A U.S. Congressional Task Force, headed by the late Rep. Joseph Moakley, concluded that those responsible for many of the government-led massacres in Latin America were trained by the U.S. Army at Fort Benning, Ga. Former Rep. Joseph Kennedy summarized the significance of the school’s U.S.-produced training manuals when he stated, “The Pentagon revealed [through these manuals] what activists opposed to the school have been alleging for years—that foreign military officers were taught to torture and murder to achieve their political objective.”
Probably the most damning indictment of the military school in Fort Benning appeared on its own official Web site a few years ago. They boasted, “Many of the [school’s] critics supported … Liberation Theology … in Latin America … which was defeated with the assistance of the U.S. Army.”
As a devoted Christian and an ordained evangelical Southern Baptist minister who follows the praxis of Liberation Theology, I am greatly concerned that our government boasts persecuting my religious belief system. You do not have to understand God the way I do, but I should have a right to worship God as I am led by God’s Spirit; and as Americans, we must all defend that right. This is basic to our freedoms. Something is terribly wrong when our own military celebrates the defeat of one of the ways Christianity is practiced and understood by the poor of the world.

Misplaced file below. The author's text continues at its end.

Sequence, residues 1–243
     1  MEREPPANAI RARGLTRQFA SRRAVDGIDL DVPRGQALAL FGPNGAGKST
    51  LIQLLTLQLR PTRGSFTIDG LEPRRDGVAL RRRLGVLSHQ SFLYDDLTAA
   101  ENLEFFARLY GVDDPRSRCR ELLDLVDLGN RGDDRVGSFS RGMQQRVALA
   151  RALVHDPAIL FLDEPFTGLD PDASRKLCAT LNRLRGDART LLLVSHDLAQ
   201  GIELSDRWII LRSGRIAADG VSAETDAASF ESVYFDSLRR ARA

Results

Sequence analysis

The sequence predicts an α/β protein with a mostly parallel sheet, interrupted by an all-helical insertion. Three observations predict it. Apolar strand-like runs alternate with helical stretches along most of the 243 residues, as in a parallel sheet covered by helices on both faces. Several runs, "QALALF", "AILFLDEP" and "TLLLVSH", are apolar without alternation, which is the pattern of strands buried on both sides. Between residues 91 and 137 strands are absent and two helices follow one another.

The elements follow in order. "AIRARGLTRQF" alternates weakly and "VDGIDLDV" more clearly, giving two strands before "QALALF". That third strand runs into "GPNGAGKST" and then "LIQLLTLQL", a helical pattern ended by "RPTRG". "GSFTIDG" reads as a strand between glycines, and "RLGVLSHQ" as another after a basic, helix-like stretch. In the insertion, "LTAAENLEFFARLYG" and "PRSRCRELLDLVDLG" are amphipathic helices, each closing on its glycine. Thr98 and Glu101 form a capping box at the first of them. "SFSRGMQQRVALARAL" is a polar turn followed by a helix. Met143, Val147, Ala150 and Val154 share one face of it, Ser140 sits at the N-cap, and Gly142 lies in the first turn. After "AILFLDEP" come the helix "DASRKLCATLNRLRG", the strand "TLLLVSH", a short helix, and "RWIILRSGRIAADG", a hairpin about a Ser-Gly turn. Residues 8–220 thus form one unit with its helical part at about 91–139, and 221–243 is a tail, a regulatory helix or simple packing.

A few years ago I met the then-Republican chair of the House Intelligence Committee to insist he support his colleagues on Capitol Hill in closing down this school that exports terrorism. Several bills came before Congress advocating closure, only to be defeated. Most recently in 2007, the McGovern/Lewis Amendment attempted to shut off funding for the school but failed by six votes. The effort to close the school was endorsed by the non-partisan Council on Hemispheric Affairs, which said the school represents a "black eye." The congressman I lobbied refused to support these bills. Why? According to him, we are teaching them democracy.